Cube Midcap Report (3 July 2020) – The urge to gamble

Cube Midcap Report (3 July 2020) – The urge to gamble

Good morning!

Here is the link for today’s live-stream:

This report covers:

  • CMC Markets (CMCX)
  • Rank Group (RNK)
  • Land Securities (LAND)

CMC Markets

Market cap £955 million
RNS Q1 2021 Trading Update
Writer disclosure No position in CMCX. Long IGG.

I discussed CMC’s final results in some detail over at Stockopedia last month.

The main point of that article:

My fear is that CMC decided to take on a somewhat riskier business model, as a way to make up for the business that was crushed by the leverage limits.

CMC is now hedging less than it was before, and accepting a wider range of daily revenue.

Its results have benefited enormously from what it calls “risk management gains and losses”.

Today’s Q1 update shows more of the same positive trend:

  • client trading activity still running at double what it was last year
  • “Client income retention for the period is materially higher than the 82% reported in H1 2020”

Result: net operating income for Q1 2021 exceeded the entire H1 2020 result of £102.3 million (thanks to the reader Dave for pointing out an error in this sentence.)

Not bad for a company with a market cap still less than £1 billion.

Customers are super busy:

Client acquisition and active client numbers remain at elevated levels.

Outlook – even if trading activity returns to normal levels, 2021 net operating income will “exceed the upper end of current market consensus”.

As of this morning, I can see financial software suggesting that EBIT for the current financial year (FY March 2021) will be £85 million. This forecast is basically worthless now.

My view

This is not quite in the same category as Plus500, but it’s getting there. It is looking super-cheap against exploding earnings, but investors have to think about two major issues:

  1. We must assume that client activity will go back to normal, at some point.
  2. This is now a riskier business than it was before.

Perhaps I’m too much of a cynic, but I find it hard to trust that CMC has figured out a safe way of making far more money than it did before. I’m much more inclined to think that it is now accepting the risk of major drawdowns, from time to time, when clients make winning bets. I think that CMC itself is now gambling in ways that it did not before.

It had better keep a large cash balance, just in case.

 


Rank Group

Market cap £571 million
RNS Market Update
Writer disclosure No position.

Bingo clubs are back! From tomorrow (Saturday).

Mecca Bingo is re-opening 35 venues in England, in line with government guidance.

30 other venues will re-open at a later date, while another 12 are assessed for their viability. Rank will be looking to renegotiate rents.

Casinos haven’t got an opening date yet. I have been known to spend the very occasional evening at a Grosvenor venue, on my travels.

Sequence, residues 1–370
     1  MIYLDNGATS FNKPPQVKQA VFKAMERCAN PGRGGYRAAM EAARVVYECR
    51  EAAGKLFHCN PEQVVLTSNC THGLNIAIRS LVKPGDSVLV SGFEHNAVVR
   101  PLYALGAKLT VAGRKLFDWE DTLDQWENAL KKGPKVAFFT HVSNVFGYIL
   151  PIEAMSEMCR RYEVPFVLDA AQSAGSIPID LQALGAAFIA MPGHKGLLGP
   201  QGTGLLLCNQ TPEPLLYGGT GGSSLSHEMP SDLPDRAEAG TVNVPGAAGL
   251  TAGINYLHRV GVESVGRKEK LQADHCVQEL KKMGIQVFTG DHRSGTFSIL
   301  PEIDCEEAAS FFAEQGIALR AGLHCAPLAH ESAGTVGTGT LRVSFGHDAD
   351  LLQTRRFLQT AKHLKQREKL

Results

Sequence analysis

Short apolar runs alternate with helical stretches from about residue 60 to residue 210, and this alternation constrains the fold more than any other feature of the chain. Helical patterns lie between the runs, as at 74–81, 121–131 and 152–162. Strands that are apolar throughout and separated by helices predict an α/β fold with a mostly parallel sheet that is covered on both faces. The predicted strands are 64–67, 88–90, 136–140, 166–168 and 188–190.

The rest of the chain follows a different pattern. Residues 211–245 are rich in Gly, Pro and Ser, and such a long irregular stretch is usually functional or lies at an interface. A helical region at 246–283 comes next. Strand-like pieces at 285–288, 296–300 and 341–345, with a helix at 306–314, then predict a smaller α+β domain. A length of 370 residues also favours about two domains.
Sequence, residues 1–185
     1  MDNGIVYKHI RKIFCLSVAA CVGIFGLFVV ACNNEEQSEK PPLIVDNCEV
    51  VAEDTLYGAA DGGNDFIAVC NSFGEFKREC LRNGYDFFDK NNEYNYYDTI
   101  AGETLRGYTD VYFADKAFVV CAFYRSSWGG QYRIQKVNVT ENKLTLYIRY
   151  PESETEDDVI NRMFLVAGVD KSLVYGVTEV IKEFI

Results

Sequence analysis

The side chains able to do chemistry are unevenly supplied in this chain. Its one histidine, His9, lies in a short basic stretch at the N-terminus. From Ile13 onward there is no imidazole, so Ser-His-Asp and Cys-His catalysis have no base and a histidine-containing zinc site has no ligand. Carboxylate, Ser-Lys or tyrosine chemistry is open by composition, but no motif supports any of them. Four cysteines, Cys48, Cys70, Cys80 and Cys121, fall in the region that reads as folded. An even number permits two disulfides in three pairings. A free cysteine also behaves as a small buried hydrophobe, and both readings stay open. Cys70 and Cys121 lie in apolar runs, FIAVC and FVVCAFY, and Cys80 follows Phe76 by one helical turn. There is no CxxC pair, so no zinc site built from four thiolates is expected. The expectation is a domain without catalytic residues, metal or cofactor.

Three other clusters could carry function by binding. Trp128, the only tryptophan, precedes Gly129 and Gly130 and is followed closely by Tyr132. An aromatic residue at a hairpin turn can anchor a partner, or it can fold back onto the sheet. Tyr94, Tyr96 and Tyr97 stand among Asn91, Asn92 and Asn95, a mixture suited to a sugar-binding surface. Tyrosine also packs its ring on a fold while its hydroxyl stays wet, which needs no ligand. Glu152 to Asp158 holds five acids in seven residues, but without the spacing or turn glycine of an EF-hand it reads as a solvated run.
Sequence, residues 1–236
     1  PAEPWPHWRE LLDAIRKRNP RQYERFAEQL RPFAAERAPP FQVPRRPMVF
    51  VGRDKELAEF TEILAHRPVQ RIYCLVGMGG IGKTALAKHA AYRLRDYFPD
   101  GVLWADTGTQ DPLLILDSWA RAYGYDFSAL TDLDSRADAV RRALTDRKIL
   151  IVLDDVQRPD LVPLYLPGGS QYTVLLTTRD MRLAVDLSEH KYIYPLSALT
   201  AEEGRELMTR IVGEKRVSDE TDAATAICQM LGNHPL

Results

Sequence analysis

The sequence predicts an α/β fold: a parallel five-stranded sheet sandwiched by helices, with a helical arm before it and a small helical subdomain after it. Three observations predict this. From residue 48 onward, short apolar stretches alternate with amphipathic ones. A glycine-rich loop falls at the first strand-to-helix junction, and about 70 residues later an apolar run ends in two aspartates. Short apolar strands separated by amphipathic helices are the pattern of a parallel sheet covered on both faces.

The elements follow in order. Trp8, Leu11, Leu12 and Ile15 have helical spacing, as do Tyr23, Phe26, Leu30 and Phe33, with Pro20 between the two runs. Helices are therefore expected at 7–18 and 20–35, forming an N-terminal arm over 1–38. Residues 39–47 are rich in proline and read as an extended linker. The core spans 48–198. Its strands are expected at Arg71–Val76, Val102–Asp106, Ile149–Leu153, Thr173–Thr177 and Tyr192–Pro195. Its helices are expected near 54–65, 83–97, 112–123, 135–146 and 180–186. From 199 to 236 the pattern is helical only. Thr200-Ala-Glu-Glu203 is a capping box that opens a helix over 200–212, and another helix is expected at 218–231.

Digital revenue growth has been strong in Q4 (April to June) at 17%.

Outcome:

Underlying operating profit for the year ended 30 June 2020 is expected to be at the lower end of the previously provided guidance range of £48m to £58m after IFRS16 (£40m to £50m pre-IFRS16) due to the venues reopening costs being expensed.

Headroom could be worse at £140 million, and the company expects to meet its covenants.

However, Rank continues to “review opportunities for maintaining appropriate levels of liquidity“.

Monthly cash burn will be something like £7 million from this point onwards, and the company will continue to burn cash until Grosvenor casinos are allowed to re-open. After that, it will generate cash if revenues recover to at least 60% of pre-Covid levels.

My view

There is a sense of urgency at Rank to get the casinos open, which they think (and I expect) they will be able to do in a safe manner.

But when will government allow them? Who knows?

Revenues are likely to suffer for the foreseeable future. I’ve seen clips of US casinos with perspex screens everywhere – they are still busy, but it looks very unattractive. And nobody will want to queue outside in the rain in the winter months.

This might possibly need little top-up placing, as hinted by today’s RNS.

I have a fondness for Rank but I can’t consider investing in it in these circumstances.

 


Land Securities

Market cap £4.3 billion
RNS Update on June rent collection
Writer disclosure No position.

Another important update from a major REIT.

Key points:

  • All shopping centres, outlets and retail parks are open.
  • Within these, 79% of units are trading.
  • 16 out of 18 leisure parks are open.
  • Footfall in England is at 60% of last year.
  • Like-for-like store sales are 80% of last year.

There is evidence of some pent-up demand with average transaction values up significantly.

This table shows that rent collection has suffered, particularly in the retail and specialist categories. Office tenants have been much more willing to pay: